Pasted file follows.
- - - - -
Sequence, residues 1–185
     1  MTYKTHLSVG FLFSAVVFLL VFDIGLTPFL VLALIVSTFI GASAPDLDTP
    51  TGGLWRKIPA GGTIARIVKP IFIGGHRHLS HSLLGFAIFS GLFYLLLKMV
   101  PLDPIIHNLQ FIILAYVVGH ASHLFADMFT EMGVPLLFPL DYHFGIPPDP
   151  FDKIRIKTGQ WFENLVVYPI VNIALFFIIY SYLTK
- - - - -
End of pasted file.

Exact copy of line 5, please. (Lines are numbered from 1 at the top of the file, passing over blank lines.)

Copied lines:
   151  FDKIRIKTGQ WFENLVVYPI VNIALFFIIY SYLTK